A few years ago we hired a contractor to install a nice hardscape path in our back yard. It’s a combination of 1" river rock and large, flat Virginia blue stone pavers. They did put landscape fabric under the rock, but over the last few years the weeds have been proliferating despite treating the path with pre-emergent and pulling the weeds. It’s kind of a mess now.
How do you maintain a path like this? Do you have to just rip it up and re-do it every 5 years or so? (The weeds seem to be coming from seeds on the wind.)
I have a decomposed granite path, and about once every couple of weeks of the growing season I go and spritz anything foolhardy enough to poke up with Roundup. Spurge is worst culprit, but Roundup knocks it out with one treatment.
I’m actually dealing with almost this exact thing, right now. Mine’s worse, though- the landscapers for some reason didn’t put any fabric down at all! So we’ve got weeds galore, and fighting them is a constant war, even with Roundup.
My solution, at least for the worst area, is to replace the entire walkway with stamped concrete. Let’s see the weed bastards break through that.
Fabric is never a long term thing. Even if it blocks weeds below eventually there is enough soil above it for weeds to survive in. Round up is the normal treatment for your problem. Lot’s and lots of round-up. May lead to the death of society but you won’t have weeds in your walk.
If you want to have a little more fun with it, get a nice propane torch and burn those little fucks out. Yes, they will come back, but you aren’t spreading cancer everywhere and there’s a lot of amusement to be had in turning the weeds into itty bitty torches, even if you need to get out once a week to murder things. Really, couldn’t we all use a little more scary torch action in our lives?
This is my preferred tactic for the patio and brick garden path. You don’t even need a “nice” propane torch - cheap ones with a simple ignition switch are available at home supply stores or online.
Using Roundup doesn’t equate to “spreading cancer everywhere”. Most research finds no such risk (an exception being IARC’s review, which omitted key evidence). I don’t want to spend money on the stuff or bother mixing it.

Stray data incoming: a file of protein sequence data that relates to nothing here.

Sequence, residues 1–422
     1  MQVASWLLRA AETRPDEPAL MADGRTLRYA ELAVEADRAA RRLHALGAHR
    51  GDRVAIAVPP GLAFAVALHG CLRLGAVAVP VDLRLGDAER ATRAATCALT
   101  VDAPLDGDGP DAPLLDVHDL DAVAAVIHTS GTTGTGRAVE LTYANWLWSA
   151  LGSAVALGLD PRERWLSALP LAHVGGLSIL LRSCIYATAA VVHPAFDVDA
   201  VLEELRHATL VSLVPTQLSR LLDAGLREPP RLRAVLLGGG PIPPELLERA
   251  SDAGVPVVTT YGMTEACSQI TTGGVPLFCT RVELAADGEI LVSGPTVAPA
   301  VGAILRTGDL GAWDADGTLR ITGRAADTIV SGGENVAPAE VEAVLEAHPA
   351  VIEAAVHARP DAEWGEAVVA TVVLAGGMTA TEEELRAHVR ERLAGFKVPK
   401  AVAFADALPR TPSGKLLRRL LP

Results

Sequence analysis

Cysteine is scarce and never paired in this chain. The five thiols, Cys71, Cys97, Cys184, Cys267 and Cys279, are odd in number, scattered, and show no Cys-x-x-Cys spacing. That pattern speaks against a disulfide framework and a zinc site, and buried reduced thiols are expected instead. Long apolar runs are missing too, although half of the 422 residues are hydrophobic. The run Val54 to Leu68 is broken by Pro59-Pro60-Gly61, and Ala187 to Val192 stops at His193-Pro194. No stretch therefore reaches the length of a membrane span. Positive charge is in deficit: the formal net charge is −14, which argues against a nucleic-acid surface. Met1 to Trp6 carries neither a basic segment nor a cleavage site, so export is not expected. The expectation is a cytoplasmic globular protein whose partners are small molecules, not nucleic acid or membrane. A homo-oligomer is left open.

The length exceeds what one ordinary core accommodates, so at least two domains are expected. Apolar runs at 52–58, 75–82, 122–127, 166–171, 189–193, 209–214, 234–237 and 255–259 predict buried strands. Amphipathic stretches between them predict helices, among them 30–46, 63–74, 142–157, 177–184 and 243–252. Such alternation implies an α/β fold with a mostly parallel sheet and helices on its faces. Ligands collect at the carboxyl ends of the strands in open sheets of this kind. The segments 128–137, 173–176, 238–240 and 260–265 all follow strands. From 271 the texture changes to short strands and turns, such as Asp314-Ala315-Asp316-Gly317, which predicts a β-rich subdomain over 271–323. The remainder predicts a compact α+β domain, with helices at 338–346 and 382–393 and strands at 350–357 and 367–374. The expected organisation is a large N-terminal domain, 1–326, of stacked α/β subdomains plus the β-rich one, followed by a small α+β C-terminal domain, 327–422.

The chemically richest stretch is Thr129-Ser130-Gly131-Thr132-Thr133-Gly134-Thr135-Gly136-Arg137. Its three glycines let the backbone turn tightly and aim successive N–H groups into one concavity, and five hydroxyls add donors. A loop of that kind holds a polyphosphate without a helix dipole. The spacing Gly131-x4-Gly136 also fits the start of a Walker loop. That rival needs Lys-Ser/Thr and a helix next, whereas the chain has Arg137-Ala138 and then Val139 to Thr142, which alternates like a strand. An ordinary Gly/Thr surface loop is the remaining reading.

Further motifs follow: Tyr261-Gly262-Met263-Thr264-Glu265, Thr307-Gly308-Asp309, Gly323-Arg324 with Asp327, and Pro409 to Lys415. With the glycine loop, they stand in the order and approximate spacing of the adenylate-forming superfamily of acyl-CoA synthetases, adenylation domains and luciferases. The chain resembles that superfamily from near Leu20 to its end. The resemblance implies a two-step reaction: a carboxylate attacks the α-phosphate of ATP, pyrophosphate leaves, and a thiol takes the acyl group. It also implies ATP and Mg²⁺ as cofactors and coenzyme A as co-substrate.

I suppose one other relatively non-toxic chemical control would be Preen, popular as a pre-emergent herbicide among lazy gardeners. Pathway use to keep weed seeds from germinating might be effective.
OK. That link is a mass of tiny text, and I’ll magnify it later if I have too. And nothing comes up if I Google the whole name. Is that something I can buy and show to people, or is it vinegar and table salt home-brew. Whichever, I must be in possession of this. Even if my weed killing needs are limited.
Try boric acid or borax commonly available in stores. It is poisonous in large quantities to humans and pets but I’ve found it to do a better (longer interval between treatments). Just dust the weeds with the powder. Two treatments are needed the first time.
When my son worked for the town’s Dept of Public Works in HS/college, this was BY FAR his favorite assigned task. Always sorta surprised me that they would just hand my teenage son the keys to a pick-up and send him out to wreak havoc with a small flamethrower… :eek:
LOL, this turned out to be a funner thread than I expected. Thanks guys. I’ll tell my husband he has carte blanche to take a torch to the path. That idea never occurred to me, but it sounds like the least chore-like option.
It also has the benefit of burning up all the vegetable matter and seeds. We’re at the point now where we have a buildup of dead weeds from previous years, which is sort of self-composting and making a great place for new seeds to take root in. Would like to just burn it all away.
You might want to try Concentrated Vinegar It’s a super powerful mix of vinegar made to kill weeds. Seriously, you’re supposed to wear rubber gloves when working with the stuff. I think it’s better than Round Up. Better for the environment too. I live way high up in the mountains, and had the opinion that anything that grows is a good thing. Well, dandelions ended up getting completely out of control, and I used the stuff to knock them back.